After having been engaged with production control, having run several improvement projects (kaizen), and having dealt for long periods with the reorganization of business operating systems at plenty of enterprises, in the late 1950s and early 1960s Kōdate and colleagues from JMA developed knowledge and consulting approaches about productivity and efficiency in the management of product development processes. In 1960, he published the book Sekkei Kanri (The Management of Engineering), which won a prize for best technical paper of the year in Japan. The work was later published in Italian (1990) and English.

Beyond opening key concepts and methods for upgrading the design process capability in time, quality, and cost management, Kōdate developed a few extremely relevant techniques. He is known for the VRP (Variety Reduction Program)), in which variety and costs are reduced in product development. Another key product development approach by Kōdate is the henshu sekkei (cut and paste) design technique. Many techniques, including VRF, developed by Kōdate are still in use worldwide.

In the early 1980s, Kōdate stated that many business people in Western countries could feel the need and appreciate the knowledge of the contents that had been formalized in Japan to date. A number of effective techniques could be applied to Western countries and provide businesses with results similar to those in Japan in the decades after World War II and throughout the economic boom had allowed the Japanese industry to rise and prosper. Kōdate decided to move to France and offer the Japanese there his own perspective about business management. He established a permanent residence in France and worked with French companies to upgrading their management best practices. In 1988, he repeated the experience in Italy, creating the first Japanese-Italian management consulting joint venture in Milan.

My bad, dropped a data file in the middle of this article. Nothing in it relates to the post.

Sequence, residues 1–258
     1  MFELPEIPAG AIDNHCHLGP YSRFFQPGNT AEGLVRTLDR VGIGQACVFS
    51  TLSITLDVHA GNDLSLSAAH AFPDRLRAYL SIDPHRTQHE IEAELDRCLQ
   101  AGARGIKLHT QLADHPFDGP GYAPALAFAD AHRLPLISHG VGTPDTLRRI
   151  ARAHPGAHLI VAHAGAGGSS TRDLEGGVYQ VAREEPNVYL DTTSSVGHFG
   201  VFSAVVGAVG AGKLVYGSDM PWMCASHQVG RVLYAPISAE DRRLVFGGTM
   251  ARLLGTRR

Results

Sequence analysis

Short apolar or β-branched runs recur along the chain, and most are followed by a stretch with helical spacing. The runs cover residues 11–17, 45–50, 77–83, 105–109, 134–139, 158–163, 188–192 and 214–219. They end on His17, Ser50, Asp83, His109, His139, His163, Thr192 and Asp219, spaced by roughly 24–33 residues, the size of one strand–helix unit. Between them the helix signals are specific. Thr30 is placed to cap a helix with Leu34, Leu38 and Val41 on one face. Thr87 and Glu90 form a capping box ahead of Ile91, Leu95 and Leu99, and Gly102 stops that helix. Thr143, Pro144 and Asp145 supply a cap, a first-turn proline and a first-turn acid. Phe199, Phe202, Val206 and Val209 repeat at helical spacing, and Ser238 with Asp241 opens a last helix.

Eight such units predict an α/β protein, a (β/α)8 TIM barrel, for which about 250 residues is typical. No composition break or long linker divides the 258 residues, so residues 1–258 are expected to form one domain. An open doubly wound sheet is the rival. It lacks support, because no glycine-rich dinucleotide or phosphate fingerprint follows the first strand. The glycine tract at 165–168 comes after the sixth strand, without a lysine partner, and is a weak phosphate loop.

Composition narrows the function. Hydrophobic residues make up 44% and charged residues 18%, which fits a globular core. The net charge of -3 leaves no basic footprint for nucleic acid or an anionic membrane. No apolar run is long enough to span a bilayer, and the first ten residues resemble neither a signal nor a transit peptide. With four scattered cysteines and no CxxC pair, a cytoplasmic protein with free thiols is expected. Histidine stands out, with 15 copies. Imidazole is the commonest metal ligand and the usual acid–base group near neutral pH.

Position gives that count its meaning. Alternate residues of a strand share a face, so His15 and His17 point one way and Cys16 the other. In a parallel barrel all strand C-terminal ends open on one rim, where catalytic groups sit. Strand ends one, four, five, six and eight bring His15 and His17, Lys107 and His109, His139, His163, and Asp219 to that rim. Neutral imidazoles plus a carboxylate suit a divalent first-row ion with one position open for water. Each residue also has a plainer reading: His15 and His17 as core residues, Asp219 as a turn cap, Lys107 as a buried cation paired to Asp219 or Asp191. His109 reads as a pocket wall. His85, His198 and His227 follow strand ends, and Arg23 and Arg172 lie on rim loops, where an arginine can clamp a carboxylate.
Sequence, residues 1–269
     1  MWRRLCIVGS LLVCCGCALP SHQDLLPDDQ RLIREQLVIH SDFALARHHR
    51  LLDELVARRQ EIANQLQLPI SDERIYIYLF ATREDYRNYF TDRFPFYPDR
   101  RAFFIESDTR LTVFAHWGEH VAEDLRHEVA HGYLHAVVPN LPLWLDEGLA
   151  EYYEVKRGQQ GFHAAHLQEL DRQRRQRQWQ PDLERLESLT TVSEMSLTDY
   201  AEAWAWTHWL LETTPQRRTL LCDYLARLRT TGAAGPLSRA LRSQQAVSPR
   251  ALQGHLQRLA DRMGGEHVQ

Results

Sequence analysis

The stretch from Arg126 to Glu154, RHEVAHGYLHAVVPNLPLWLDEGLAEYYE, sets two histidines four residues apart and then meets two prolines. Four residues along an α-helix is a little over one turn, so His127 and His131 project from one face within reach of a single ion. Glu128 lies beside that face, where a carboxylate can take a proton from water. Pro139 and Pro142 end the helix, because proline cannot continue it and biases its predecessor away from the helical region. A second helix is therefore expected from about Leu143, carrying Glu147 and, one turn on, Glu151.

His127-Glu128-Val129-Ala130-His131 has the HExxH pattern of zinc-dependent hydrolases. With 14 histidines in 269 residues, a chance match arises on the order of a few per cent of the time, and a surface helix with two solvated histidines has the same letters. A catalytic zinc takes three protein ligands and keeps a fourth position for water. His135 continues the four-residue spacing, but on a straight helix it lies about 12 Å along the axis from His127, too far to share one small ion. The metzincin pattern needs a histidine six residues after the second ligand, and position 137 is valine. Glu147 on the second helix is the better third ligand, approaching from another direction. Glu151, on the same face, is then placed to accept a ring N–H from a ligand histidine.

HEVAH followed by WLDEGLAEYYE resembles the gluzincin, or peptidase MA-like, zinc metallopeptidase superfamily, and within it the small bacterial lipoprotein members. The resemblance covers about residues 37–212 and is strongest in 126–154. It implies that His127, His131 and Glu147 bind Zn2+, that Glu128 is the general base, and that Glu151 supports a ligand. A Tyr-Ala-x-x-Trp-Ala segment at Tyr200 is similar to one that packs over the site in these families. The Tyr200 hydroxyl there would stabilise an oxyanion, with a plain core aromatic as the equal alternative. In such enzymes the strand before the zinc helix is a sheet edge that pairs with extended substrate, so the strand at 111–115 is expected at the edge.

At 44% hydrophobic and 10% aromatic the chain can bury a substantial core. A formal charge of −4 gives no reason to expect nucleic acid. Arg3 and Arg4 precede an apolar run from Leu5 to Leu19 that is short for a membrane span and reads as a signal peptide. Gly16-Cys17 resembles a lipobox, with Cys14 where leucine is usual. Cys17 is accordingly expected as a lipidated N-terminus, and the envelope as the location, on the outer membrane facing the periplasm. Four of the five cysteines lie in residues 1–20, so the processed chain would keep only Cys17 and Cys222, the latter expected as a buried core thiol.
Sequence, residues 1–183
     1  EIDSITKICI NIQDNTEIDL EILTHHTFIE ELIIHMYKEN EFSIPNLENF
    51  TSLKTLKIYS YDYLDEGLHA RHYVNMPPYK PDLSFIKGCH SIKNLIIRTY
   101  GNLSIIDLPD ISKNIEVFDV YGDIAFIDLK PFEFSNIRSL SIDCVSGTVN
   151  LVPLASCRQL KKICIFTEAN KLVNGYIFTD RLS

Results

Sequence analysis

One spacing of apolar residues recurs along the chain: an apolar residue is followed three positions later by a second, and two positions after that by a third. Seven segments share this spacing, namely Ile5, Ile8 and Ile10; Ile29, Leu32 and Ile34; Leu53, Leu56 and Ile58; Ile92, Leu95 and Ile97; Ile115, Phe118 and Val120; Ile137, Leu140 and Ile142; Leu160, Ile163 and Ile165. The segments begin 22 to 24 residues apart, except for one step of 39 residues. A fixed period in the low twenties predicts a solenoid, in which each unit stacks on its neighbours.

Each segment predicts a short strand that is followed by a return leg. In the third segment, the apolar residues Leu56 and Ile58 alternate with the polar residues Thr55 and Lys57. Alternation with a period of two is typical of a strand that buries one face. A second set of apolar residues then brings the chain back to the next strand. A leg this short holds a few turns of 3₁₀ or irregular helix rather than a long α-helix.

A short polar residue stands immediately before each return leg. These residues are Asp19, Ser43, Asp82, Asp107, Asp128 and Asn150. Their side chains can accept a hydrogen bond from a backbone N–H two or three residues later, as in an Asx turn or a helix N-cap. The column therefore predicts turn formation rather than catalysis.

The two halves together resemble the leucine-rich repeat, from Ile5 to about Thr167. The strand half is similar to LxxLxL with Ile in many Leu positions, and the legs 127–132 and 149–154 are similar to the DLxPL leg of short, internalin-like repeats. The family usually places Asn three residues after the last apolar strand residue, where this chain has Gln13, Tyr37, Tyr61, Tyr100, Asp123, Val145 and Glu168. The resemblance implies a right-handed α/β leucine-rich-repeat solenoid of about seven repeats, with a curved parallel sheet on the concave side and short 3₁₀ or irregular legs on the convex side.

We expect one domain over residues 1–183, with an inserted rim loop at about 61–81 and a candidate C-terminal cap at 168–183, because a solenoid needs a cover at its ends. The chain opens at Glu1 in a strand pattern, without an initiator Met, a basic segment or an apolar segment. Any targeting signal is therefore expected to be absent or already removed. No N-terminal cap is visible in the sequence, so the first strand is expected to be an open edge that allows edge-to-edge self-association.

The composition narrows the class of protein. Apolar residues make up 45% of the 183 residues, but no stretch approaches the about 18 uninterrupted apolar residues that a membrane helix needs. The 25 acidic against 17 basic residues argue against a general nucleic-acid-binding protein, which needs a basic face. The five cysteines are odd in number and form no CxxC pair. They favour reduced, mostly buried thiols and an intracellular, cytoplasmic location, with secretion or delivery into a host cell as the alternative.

Honored as Reviewer in Chief of the Master in Lean Management by the Lean Enterprise Center and the former Education Director of masters courses with other universities and business schools in Italy, Kōdate is the author of many books and articles. His works are published in Japanese, English, and Italian. Although the management of Research Development and Engineering (RD&E) is the favorite topic of his writing, Kōdate also writes about the VRF, henshu sekkei, Visible Planning®,[5] and setsuban kanri). He currently travels all over Europe, givinghim a cross-cultural awareness.


The following is a list of quotation references to books, articles, and concepts by Akira Koudate:


References and notes

  1. (Italian) Il Giornale di Vicenza of 9 January 2009
  2. See
  3. 生産管理の改善 (1951年) (経営合理化全集) Seisan kanri no kaizen (keiei gourika zenshuu)
  4. The trademark registration is filed with the Italian UIBM Authority
  5. The trademark registration is filed with the Italian UIBM Authority ()

This article is issued from Wikipedia - version of the 11/12/2016. The text is available under the Creative Commons Attribution/Share Alike but additional terms may apply for the media files.